Claire and Ava in Gruyeres, Switzerland

Claire and Ava in Gruyeres, Switzerland

October, 2011

October, 2011
Chess in Lausanne, Switzerland

Saturday, December 13, 2008

Off to the Land Down Under!

Tomorrow we're off to Australia for Christmas! We've never been so are excited to check out a bit of the country. And it will be nice to have a few days out of the dirt here. (Gurgaon is incredibly dirty/dusty with all its construction and pollution, and signs of poverty are as pervasive as you can imagine.)

I will enjoy leaving the hotel and not seeing at least one man (if not several) doing his business by the side of a busy road!

Those who advised us to look past the not-so-pretty to experience India's gems are so right, and I thank you for your insights.

We're off -- merry merry and I'll do my best to capture some of our Australian adventures while we're out and about!

Friday, December 12, 2008

Day 2 -- Corbett National Park

Dec. 9 --

6:00 a.m. found us bundled up in a jeep, bouncing over the pavement en route to start our jeep safari. Yes, it was chilly -- no windows and a good morning breeze as our driver tore off down the road. We did pass a few joggers and bicyclists, otherwise it was pretty quiet; Ava was convinced it was the middle of the night. Certainly felt like it!

After 20 minutes of crisp wind whipping at us we arrived at a small safari jeep consortium. Our driver angled the jeep as close to the gate as possible, just as the other drivers were doing. Then all drivers hopped out to do what Indian drivers do when waiting for Corbett to open, I guess, whatever that might be.

All of us tourists sat tight and I tried to remember how warm I'd been when I walked out the cottage door w/ cup of nescafe in hand.

(Note: I suck at cold, and with Delhi being so termperate in winter I feel like I'm back in Texas December weather. No complaints. I did bring lots of layers for this excursion and had kids bundled up w/ hats, mittens, 4 layers and blanket. They seemed toasty, I, of course, was cold. Suffice it to say climbing Mt. Everest and snow skiing aren't on my list of hobbies.)

Anyway, as we waited for the safari to begin we were accosted by binocular renters so each child had a pair.

As the gate opened drivers flew to their cars, each jeep jockeying into position Indian style (not much attention to any kind of line).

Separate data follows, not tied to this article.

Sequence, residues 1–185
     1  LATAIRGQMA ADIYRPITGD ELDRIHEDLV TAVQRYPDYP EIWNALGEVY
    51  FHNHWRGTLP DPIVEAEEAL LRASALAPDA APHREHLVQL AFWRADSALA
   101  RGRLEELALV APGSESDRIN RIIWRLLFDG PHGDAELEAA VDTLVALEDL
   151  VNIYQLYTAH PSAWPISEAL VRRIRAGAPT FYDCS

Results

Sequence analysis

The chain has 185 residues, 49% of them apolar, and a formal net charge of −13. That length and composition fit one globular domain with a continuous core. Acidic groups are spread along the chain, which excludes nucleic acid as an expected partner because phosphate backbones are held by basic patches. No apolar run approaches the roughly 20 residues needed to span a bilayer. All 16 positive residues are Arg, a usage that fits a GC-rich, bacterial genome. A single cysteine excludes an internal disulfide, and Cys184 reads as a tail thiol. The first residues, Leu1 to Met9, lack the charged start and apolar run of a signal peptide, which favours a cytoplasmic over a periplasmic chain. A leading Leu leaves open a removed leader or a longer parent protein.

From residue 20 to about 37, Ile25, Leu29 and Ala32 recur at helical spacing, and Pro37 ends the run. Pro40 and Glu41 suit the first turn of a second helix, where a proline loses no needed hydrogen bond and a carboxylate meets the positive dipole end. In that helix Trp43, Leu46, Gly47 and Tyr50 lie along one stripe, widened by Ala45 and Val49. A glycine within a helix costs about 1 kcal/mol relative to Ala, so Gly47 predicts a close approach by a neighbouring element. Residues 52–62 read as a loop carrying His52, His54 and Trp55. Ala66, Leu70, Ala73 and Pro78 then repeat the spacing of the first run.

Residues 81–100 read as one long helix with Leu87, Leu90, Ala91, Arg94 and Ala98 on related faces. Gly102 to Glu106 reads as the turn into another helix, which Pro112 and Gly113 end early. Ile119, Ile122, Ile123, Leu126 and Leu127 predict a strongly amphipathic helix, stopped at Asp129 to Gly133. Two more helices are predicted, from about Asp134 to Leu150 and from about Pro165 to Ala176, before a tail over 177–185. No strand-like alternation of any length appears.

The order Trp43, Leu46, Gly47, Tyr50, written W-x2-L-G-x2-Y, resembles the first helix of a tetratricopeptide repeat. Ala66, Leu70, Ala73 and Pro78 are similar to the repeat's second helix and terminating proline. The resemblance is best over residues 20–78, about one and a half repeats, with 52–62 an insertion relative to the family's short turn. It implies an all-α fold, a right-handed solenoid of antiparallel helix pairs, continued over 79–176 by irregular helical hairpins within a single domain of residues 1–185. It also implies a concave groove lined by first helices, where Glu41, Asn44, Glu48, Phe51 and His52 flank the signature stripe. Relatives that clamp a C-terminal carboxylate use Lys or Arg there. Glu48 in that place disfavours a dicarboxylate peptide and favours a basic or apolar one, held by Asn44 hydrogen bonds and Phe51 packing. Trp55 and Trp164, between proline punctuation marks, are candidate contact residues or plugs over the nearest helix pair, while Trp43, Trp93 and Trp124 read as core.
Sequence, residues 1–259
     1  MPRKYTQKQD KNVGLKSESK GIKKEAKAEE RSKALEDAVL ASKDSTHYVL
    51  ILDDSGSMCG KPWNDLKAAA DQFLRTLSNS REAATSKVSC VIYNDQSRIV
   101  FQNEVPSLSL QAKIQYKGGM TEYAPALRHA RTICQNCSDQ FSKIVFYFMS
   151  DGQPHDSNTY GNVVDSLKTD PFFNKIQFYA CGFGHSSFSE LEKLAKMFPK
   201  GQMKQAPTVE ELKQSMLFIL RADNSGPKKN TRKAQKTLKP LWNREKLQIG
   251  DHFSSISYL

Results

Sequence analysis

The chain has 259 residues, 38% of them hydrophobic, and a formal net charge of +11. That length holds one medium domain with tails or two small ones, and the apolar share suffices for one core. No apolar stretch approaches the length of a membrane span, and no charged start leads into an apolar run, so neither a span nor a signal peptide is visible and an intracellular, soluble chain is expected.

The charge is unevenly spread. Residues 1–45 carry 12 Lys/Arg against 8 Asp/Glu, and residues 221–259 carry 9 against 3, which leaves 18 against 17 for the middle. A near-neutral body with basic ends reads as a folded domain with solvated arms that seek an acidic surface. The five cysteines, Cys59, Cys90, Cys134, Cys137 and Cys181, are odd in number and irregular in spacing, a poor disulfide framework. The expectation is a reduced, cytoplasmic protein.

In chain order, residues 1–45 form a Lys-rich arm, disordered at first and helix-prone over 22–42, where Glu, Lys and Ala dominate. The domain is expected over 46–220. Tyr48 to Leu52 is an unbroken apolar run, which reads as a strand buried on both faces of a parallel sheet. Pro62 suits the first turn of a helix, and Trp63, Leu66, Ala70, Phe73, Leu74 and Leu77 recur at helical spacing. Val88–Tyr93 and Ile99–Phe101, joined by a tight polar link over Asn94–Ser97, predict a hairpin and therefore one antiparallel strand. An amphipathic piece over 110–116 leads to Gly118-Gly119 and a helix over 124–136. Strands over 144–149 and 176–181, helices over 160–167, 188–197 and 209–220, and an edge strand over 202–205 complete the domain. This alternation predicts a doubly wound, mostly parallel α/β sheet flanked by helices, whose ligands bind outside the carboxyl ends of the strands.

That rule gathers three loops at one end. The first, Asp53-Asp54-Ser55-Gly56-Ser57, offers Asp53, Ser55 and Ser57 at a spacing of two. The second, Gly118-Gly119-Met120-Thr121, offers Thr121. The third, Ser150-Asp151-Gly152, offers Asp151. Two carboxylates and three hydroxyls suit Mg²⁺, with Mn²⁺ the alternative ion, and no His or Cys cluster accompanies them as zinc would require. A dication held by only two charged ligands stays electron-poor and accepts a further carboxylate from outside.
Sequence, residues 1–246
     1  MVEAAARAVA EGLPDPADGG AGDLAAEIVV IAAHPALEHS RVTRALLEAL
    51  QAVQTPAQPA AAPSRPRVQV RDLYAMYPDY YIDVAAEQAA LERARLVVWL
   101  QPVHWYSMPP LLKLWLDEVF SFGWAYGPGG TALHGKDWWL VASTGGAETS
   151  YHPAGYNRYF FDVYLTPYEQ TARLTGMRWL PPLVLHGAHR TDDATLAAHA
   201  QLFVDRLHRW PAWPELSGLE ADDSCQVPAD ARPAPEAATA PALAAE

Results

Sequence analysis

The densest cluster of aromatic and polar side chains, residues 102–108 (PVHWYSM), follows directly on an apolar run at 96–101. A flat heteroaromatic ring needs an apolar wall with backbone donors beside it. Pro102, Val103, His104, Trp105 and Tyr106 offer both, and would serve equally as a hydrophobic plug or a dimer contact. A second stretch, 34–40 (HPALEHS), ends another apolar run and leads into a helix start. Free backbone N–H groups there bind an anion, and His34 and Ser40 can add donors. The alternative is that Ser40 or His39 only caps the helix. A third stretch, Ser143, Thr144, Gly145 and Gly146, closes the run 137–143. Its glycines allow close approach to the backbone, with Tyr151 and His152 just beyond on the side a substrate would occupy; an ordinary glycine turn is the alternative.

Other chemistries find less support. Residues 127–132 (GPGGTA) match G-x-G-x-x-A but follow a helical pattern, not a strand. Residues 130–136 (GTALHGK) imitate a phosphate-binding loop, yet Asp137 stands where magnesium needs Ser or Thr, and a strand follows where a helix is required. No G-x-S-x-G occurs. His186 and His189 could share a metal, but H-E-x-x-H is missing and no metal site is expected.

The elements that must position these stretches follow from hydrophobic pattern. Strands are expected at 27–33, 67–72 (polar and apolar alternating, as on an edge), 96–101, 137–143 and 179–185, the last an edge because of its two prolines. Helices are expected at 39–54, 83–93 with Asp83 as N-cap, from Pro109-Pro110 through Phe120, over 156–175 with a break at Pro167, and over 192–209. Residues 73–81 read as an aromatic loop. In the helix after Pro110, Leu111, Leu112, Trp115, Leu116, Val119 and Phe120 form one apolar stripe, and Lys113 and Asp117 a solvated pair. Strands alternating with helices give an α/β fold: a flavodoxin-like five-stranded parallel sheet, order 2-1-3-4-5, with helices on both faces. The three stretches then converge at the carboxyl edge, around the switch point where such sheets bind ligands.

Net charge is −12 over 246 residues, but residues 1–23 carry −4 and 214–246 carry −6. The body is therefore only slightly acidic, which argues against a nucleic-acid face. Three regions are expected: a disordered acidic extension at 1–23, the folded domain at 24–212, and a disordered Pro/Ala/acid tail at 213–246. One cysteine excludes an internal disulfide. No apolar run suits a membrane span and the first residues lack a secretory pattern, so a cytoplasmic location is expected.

Once inside we again stopped for paperwork then hit the dirt roads leading into the safari zone and immediately spotted India's largest species of deer, most favored by the tiger (can't recall the name) and monkeys.

After a final paperwork stop we picked up our guide who, like everyone else we'd encountered since checking in, was intent on finding a tiger to observe. This isn't easy given their propensity to spy, the fact that they have so much cover in which to hide and that they blend into their surroundings.

But 6:00 a.m. is supposed to be the best time for this effort, hence our crack of dawn departure. (BTW I'd asked for a 5:20 wake up call, instead got one at 4:40, then a 5:20 knock at the door. More help than necessary.)

The forest was gorgeous at sunrise, a few scattered clouds turning peach and pink, a light golden haze with a bit of fog blended in to cast a lovely warm glow on the trees and hills.

Our jeep hustled us over a windy, rocky dirt road, around bends and through shallow rivers. We slowed down to pueruse for widlife, saw dozens of spotted deer grazing, most just giving us a glance and continuing with their morning munching.

The barking deer we saw here and there, too -- so small and dark brown. Birds were more active as the sun became more established in the sky.

The driver stopped a few times after spying tiger pawprints and a spot in the road where one had been sitting, all recent.

Around a bend we stopped with a group ahead of us; they had spied a tigress and 3 cubs so we stopped to look. Claire caught a glimpse of one of them but the rest of us were unlucky.

Our guide showed us where wild elephants water, though we didn't see any. We certainly saw our fill of monkeys! And we kept stopping to quietly peruse grassy areas but didn't spot the cats. Our guide said time and patience are the keys to tiger observation. He recommended we come back for several days so we could plant ourselves for hours at a time in the same location until a tiger turned up. While I'm sure the sighting would be fascinating, I'm a bit too Type A for laying in grass for hours so will hit the zoo. (Plus I could see myself falling asleep as tiger emerged, therin missing the whole thing.)

Incidentally, Corbett has 160+ Bengal tigers, the largest of the tiger species. (They count animals by using camers that are triggered when an animal steps nearby.)

While our animal ante from the excursion wasn't what we'd hoped, we certainly enjoyed the beauty of the adventure and the opportunity to get outside in such a beautiful place, careening around in a jeep. The smells of the plants were fabulous.

Interestingly, Corbett's tree leaves don't change color for the most part, though some do turn brown from the heat/dryness of summer and fall off prior to monsoon.

The salt (sp?) tree is most prevalent here -- a hardwood that spends 100 years growing and 200 decaying. It was used by the railway to make sleeper cars because of its durability.

Teak trees are also in the forest, with big transparent leaves, as were banyan trees, with vines for swinging hanging off. We saw parasite plants wrapped around some trees. Apparently they take nutrients from the host tree, making it hollow over time.